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Stephen Colbert on Russia sanctions: ‘There goes Tucker Carlson’s sponsors’ | Late-night TV roundup

Stephen Colbert

“The thing we all knew was going to happen continues to happen at a slightly faster pace,” said Stephen Colbert on Tuesday evening, hours after Vladimir Putin ordered Russian troops into two separatist regions of eastern Ukraine, in a sharp escalation of already sky-high tensions.

Putin had already unilaterally declared the breakaway Ukrainian provinces of Donetsk and Luhansk as independent republics on Monday. “Smart – he declares them independent and then when he sends troops in, he can technically say, ‘That’s not an invasion of Ukraine, because that’s not Ukraine any more,’” the Late Show host said. “And at this point, Putin’s most important weapon is his Sharpie” for redrawing the map.

Putin has claimed the troops are for carrying out “peacekeeping functions” – “and it’s true,” said Colbert, describing the logic as: “I keep this piece of Ukraine, I keep that piece of Ukraine, I keep all the pieces of Ukraine, I am piece-keeping.”

In response to aggression along the border with Ukraine, the US government had imposed some economic sanctions, barring new investment, trade and financing by US persons to, from, or in the provinces of Donetsk and Luhansk. “Well, that’s a disaster for anyone invested in the Ukrainian coffee chain Dunkin’ Donetsk,” Colbert joked.

But on Tuesday, Joe Biden changed tune: the US government imposed full blockage sanctions on two large Russian financial institutions and on their sovereign debt, which cut off the Kremlin from western financing. “So that means no Russian money can come into the US. There goes Tucker Carlson’s sponsors,” Colbert quipped.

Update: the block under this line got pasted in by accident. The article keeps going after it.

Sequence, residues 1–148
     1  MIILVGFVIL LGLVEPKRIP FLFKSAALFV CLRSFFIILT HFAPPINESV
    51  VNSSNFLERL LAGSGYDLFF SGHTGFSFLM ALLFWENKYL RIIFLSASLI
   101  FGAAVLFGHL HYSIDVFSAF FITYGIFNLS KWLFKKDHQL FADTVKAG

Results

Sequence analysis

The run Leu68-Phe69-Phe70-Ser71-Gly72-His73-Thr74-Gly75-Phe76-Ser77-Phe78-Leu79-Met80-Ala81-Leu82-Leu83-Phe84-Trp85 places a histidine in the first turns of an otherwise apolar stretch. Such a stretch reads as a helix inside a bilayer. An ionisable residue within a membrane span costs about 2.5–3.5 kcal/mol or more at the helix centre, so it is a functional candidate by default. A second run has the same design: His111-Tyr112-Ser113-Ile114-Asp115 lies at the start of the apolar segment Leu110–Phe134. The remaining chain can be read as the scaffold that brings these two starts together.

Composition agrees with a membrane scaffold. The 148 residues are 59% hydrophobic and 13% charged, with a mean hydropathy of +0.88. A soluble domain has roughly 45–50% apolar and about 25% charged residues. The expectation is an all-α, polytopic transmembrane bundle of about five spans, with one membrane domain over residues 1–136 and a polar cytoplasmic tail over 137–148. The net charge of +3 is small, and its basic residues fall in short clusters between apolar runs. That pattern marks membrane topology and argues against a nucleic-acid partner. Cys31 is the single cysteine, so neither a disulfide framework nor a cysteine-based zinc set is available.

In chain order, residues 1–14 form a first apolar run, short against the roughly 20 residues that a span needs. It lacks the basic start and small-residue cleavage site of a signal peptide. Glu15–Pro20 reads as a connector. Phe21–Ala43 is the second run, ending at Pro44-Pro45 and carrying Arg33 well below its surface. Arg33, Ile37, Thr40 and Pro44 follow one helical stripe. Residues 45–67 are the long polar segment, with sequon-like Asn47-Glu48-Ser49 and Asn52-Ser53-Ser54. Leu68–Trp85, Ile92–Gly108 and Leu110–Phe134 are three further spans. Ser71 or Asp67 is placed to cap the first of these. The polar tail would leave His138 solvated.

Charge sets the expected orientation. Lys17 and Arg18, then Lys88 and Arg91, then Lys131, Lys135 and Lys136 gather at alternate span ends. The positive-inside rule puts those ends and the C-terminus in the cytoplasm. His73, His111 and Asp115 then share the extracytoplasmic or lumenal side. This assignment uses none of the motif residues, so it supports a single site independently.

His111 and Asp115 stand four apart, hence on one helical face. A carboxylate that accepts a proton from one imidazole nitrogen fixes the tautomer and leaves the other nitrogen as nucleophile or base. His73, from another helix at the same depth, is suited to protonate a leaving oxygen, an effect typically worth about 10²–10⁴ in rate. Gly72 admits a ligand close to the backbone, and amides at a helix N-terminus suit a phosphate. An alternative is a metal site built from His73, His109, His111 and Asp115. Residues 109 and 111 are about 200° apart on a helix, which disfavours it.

Jimmy Kimmel

In Los Angeles, Jimmy Kimmel mocked the botched launch of Donald Trump’s app Truth Social, which is supposed to be his alternative to Twitter. “You’re not going to believe this but the rollout did not go well,” Kimmel explained. “Some might even call it a total disaster.

“Truth Social has been such a disappointment so far that Trump may have to rename it to Don Jr.”

The app’s initial sign-up function failed for many people, with an error message that read: “Something went wrong, please try again.”

“Which applies to so many things Trump is involved with,” said Kimmel. “Then they changed it to say they put you on a waitlist, because of what they claimed was massive demand.

“It’s like if Trump designed a bridge that collapsed and said, ‘Oh, the bridge was just too popular. Too many people wanted to drive on my fantastic bridge,’” he joked.

That wasn’t the only snafu; as Kimmel pointed out, the Truth Social logo was copied from the logo for a British company called Trailar. “You know, there’s a lot of conversation about Trump being a fascist and trying to overthrow an election, all that stuff, and rightfully so,” said Kimmel, ‘“but I think we sometimes forget: he’s a terrible business man, too.”

Seth Meyers

On Late Night, Seth Meyers laughed at Putin’s labeling of Russian troops in eastern Ukraine as “peacekeepers” – “specifically, they’re keeping this piece,” he said.

He also characterized severe new economic sanctions on Russia in response to the troop movement as: “From now on, Russia doesn’t get the new Wordle until noon.

“Russian Wordle is very easy,” he added, “because it’s always ‘Putin’.”

Meyers also touched on a New York Times op-ed titled “Ignoring a text message or email isn’t always rude. Sometimes it’s necessary.”

“I think I speak for everyone when I say: k,” he noted.

Jimmy Fallon

And on the Tonight Show, Jimmy Fallon also discussed the Russian invasion of proxy states in eastern Ukraine. “Biden gave a speech at the White House and said that Russia’s invasion of Ukraine has officially begun,” Fallon noted.

“Biden said: ‘We will not put up with Russian aggression, especially on such an important national holiday: Twosday.’”

Biden also announced tough new sanctions, with the EU expected to follow suit. “Yeah, nothing stops a dictator in his tracks like raising his ATM fees,” Fallon joked.

On a lighter note, the AP international reporter Philip Crowther went viral for posting a video in which he reported from Kiev, Ukraine in six different languages: French, Spanish, Portuguese, English, German and Luxembourgish.

“He also knows six different ways to say, ‘I’m ready to leave Ukraine now, this could be a Zoom,’” Fallon quipped.



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